As Mitral Valve Insufficiency progresses into Congestive Heart Failure, early symptoms that may occur are exercise intolerance, breathlessness, a distended abdomen, lack of appetite, restlessness at night, weight loss and fainting.  Breathlessness is the most common sign.

Due to the increasing lack of blood being pumped throughout the body, non-essential blood vessels begin to shut down to conserve blood flow for vital organs, such as the brain and the heart itself, reducing the flow of blood to the skin and the kidneys.  This causes the skin to pale and the kidneys to retain fluids in the circulation, because the circulation identifies low cardiac output as dehydration.  The excess fluid retention results in further stretching of the heart and greater mitral valve leakage.

The enlarged size of the heart fills the voids in the chest cavity and causes pressure on the main airway – the left main bronchus.  This results in a dry, hacking cough and breathlessness.

There are various tests that can be performed to assess the state the heart and monitor progression of any murmur and/or heart failure:

Chest X-rays can be used to determine the size and shape of the heart and the presence of fluid in the lungs.

Blood and urine tests can give an indication of any other disorders in the body – liver and kidney function are often impaired in dogs with heart disease.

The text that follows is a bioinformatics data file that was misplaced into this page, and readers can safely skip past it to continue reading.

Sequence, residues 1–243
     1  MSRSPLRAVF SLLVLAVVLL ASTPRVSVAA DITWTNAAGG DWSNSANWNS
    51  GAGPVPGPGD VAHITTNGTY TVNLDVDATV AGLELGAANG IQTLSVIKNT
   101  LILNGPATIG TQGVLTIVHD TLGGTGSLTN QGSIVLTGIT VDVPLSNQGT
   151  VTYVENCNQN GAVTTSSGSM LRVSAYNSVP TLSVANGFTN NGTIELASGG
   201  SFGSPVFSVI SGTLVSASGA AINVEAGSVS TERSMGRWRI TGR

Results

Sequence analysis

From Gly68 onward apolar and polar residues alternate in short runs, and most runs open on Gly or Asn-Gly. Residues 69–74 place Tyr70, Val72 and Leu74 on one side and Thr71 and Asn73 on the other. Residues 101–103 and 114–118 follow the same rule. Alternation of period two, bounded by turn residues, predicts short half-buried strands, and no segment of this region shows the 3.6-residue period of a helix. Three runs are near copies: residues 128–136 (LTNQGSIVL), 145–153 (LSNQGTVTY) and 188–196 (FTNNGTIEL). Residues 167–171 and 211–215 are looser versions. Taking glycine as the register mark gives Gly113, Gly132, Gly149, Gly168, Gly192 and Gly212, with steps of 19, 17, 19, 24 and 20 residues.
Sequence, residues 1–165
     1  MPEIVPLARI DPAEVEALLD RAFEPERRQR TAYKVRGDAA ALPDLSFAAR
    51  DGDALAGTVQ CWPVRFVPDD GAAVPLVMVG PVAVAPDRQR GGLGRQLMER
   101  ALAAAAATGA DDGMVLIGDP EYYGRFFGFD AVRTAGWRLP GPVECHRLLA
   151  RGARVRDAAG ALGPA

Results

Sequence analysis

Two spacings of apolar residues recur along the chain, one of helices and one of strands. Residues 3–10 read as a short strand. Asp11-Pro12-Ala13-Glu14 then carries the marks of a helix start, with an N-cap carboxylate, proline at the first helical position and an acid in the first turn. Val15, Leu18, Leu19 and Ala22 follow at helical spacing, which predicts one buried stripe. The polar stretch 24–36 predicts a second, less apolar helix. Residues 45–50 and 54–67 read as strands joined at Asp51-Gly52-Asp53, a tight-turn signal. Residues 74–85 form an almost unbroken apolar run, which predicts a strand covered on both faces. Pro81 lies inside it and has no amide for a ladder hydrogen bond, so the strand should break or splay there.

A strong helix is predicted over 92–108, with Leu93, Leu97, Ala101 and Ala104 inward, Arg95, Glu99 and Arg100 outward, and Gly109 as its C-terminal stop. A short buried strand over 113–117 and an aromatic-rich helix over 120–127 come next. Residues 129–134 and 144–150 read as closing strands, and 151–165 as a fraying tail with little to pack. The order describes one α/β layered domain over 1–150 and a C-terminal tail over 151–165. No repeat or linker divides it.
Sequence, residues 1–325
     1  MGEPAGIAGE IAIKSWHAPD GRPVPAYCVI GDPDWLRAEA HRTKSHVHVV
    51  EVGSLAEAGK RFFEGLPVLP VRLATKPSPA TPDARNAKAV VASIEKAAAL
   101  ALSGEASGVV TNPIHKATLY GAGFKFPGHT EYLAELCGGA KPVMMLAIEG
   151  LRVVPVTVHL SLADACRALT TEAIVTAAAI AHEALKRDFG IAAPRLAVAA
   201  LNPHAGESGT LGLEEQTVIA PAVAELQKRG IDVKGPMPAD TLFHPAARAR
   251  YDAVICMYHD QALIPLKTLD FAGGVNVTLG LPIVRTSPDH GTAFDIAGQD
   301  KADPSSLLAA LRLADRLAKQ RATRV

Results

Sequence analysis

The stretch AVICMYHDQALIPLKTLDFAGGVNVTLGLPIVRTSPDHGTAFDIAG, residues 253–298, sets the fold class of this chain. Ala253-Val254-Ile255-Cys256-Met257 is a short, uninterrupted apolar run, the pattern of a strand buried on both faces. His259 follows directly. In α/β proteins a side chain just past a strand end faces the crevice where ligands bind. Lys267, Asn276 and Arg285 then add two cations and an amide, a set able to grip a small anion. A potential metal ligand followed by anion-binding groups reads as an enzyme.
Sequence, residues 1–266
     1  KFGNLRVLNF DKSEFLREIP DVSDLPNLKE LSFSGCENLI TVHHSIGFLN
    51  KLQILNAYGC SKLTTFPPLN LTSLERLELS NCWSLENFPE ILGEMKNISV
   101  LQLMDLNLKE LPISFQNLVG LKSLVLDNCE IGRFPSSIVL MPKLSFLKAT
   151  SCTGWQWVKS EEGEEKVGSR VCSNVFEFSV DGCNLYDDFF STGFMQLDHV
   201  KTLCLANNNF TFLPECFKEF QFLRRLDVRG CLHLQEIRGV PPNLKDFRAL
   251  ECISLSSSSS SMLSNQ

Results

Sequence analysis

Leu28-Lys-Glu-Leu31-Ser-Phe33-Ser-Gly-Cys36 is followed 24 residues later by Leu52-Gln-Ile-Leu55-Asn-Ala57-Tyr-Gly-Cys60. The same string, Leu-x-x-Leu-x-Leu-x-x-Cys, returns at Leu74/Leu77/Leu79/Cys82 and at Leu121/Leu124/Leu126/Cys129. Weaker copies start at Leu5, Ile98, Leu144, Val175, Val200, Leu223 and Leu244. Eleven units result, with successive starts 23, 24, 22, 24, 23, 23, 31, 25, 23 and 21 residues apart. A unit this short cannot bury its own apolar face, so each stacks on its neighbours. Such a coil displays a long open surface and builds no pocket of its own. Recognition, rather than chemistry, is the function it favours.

An electrocardiogram (ECG) can measure the electrical activity of the heart and allow accurate determination of both heart rate and rhythm.

Ultrasound examination (echocardiogram) uses sound waves to evaluate the heart’s contractions and measure the amount of blood pumped by the heart. This is the most useful of the tests to measure the heart’s function.

There are differing opinions as to when to start treating dogs with mitral valve insufficiency – some vets will start treating when the left atrium is enlarged but there are no symptoms, whilst others will wait until there are symptoms of congestive heart failure.

Drugs can be given to help the heart pump more efficiently – ACE inhibitors lower the blood pressure, reducing the after-load or resistance to blood flowing out of the heart and counteract fluid retention by the kidneys, whilst vasodilators dilate the arteries and veins of the body to permit better blood flow.  Once fluid starts occurring in the lungs then diuretics can also be given.

Diets lower in sodium may assist in decreasing the fluid build-up.  It is important to maintain adequate protein intake, and the dog should be maintained at his ideal weight.  Omega-3 fatty acid supplements are often recommended, and feeding taurine and hawthorn tincture can also help.

Dogs with heart murmurs due to mitral valve insufficiency can live for many years before developing any symptoms.  Once heart failure has been diagnosed, approximately half will not survive for more than 6-12 months.

As valves of the heart can be injured by infection, and infection can result from severe dental problems (which allow bacteria from the mouth to enter the bloodstream), good oral health is important.

Approximately 10% of dogs will develop some form of heart disease during their lifetime, and approximately 80% of this heart disease is due to mitral valve insufficiency.

Return to Circulatory System